Padua (Padova), Italy

Often overlooked by Venice or Verona, this city of 200,000 people was founded around 1183 BCE and is rich in detail and history. It’s home to many cafés, markets, and even a university. There are so many historical sights, beautiful views, and gorgeous pieces of art scattered throughout the city that it is hard to take them all in at once. I only spent a few hours touring here, but I would love to return and experience it all over again.

Here is what I would propose for a day trip to Padua and the background that goes with it:

Prato Della Valle:

This large square in Padua wasn’t always what it is now. Its land has seen many drastic events, from housing a temple, providing a scaffold for executions, a place to stage fights, and a swampland. However, it was drained and land was added to create its unique shape we see today. The statues were added later, of which many are of those who contributed greatly to the city or worked at the university. 

Basilica of Saint Anthony of Padua:

Construction of this building started in 1232 and has been a sight for pilgrimage since then, even though it isn’t the official cathedral of the city. Its Byzantine style domes make it an iconic part of Padua scenery and it offers lots of history and character. If you decide to take a tour, you will see the numerous construction styles that it has gained over the years, from gothic to baroque to romanesque. 

Piazza della Frutta:

This lively plaza is home to the local fruit and vegetable market, where vendors and buyers come together in the numerous stalls. Where I am from, we only have this once a week and it seems to be less of an importance, but here, it is as important as a grocery store. The woman I was staying with even purchases some veggies here before our trip home. There is also some beautiful architecture nearby, including the twelfth century clock tower and Palazzo della Ragione, which is a massive hall covered by frescoes. 

Palazzo della Ragione near the markets

Piazza dei Signori

This plaza with its infamous clock has played several roles over the years. It has served as a grounds for the Austrian army, when it was under their rule, and played a heavy part for numerous medieval traditions including courtships and battles. You will also see a lot of construction styles, especially medieval buildings on the sides of the palace. Also, there are markets here too!

Piazza dei Signori

Caffé Pedrocchi

This interesting café was opened on New Year’s Eve of 1772 by Francesco Pedrocchi, but it was passed on to his son, who remodeled it and opened in again in 1831 with flair. There are three rooms which all have a separate purpose:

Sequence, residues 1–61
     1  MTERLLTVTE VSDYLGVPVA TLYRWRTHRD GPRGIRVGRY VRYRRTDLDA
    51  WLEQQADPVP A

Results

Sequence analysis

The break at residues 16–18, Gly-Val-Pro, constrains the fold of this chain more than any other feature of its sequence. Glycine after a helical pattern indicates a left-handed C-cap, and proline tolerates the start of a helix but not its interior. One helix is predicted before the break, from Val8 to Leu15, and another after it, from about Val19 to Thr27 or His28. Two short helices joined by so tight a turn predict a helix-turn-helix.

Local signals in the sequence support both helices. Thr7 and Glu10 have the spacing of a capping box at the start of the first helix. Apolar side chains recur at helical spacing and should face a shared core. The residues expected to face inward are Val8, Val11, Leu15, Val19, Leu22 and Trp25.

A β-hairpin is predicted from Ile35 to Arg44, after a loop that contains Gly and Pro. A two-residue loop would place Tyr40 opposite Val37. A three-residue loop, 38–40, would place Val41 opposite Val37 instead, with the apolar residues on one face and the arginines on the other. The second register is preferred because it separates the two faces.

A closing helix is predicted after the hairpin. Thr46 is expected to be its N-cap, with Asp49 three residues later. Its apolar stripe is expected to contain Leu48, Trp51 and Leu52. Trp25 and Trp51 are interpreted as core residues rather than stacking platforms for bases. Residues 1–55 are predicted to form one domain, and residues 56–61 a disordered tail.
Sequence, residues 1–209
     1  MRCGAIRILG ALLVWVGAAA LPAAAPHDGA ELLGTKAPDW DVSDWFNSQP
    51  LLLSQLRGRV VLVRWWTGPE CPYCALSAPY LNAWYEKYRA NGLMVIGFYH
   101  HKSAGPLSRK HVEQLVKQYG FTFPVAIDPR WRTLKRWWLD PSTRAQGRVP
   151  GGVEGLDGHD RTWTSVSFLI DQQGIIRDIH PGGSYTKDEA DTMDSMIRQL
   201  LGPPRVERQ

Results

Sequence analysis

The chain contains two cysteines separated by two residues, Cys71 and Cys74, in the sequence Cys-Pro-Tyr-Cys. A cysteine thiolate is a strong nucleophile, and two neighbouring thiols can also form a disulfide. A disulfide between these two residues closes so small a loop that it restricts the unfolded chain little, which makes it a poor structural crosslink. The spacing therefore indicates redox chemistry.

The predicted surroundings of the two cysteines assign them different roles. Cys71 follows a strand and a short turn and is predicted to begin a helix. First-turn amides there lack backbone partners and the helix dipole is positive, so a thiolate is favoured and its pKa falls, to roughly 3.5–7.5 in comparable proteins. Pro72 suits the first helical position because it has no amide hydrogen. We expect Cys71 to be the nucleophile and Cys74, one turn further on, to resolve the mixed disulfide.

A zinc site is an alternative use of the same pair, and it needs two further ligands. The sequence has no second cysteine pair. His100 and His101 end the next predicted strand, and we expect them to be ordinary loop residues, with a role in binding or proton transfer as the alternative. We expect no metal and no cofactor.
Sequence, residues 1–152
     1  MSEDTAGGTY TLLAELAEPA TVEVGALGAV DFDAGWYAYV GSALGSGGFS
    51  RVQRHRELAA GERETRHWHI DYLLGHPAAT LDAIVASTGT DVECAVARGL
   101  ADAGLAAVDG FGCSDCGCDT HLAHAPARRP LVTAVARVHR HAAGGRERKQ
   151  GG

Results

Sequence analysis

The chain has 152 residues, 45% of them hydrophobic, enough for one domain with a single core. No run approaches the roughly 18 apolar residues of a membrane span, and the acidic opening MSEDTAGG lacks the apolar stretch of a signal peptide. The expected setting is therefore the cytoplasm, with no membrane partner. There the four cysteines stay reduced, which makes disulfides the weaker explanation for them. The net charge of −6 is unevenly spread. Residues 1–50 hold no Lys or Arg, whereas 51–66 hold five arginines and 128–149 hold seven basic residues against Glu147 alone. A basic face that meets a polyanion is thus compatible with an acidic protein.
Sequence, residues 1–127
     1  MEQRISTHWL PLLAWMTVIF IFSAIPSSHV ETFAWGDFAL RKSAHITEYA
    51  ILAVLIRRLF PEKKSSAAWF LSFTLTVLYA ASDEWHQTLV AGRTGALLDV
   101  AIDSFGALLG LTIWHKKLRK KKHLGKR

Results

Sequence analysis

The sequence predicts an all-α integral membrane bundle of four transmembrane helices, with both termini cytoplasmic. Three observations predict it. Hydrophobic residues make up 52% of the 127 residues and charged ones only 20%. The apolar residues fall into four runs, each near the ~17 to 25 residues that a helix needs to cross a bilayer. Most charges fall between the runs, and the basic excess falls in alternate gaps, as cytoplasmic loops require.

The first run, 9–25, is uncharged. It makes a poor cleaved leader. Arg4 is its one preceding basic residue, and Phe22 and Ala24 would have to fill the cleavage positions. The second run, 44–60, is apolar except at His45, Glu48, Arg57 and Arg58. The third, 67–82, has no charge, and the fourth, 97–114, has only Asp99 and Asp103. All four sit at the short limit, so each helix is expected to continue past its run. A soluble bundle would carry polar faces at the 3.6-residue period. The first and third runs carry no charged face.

• The Green Room is a spot for college students or other busy people to sit and work without needing to buy anything.
  • The Red Room is where the historic bar sits (which is fantastic!) and here is where you would stop to drink some coffee or hot chocolate. Remember that most Italian cafés will charge extra if you sit down!
  • The White Room is more of a restaurant where you can eat lunch and dinner. Also, during Austro-Hungarian soldiers once fired a gun in this room and you can still see the bullet hole today. You will also notice an upside down map. According to my host, this was to show that Italy was above and superior to Austria, who controlled the Veneto region during the second opening of the café.

Scrovegni Chapel

If you are looking for some of the most beautiful European art, stop right here. This chapel is absolutely stunning with its frescoes from Giotto during 1803-05, which are so well preserved. From the outside it doesn’t look like much, but as soon as you enter, you will be absolutely blown away by the beauty of this building. Circling around the building are depictions of the story of salvation, which were large and detailed for their time. They also feature emotion, which was some of the first artwork to do so. At the front of the building is a depiction of Last Judgement, which there are paintings of both heaven and hell. There are also panels on each side with the seven virtues and vices. This was honestly one of the best pieces of art I had seen. The entrance fee isn’t bad but the wait can be long, especially because you have to wait in a room to be decontaminated in order to preserve the paintings. Nearby are museums and even an old Roman arena.

The old arena

Overall, Padua is a fantastic place to stop and explore while en route to Verona or Venice!

One thought on “Padua (Padova), Italy

  • Wow…you are so good at capturing the historical places. Love looking at all of it and wishing I could have been ‘the fly on your arm’ to see it all!


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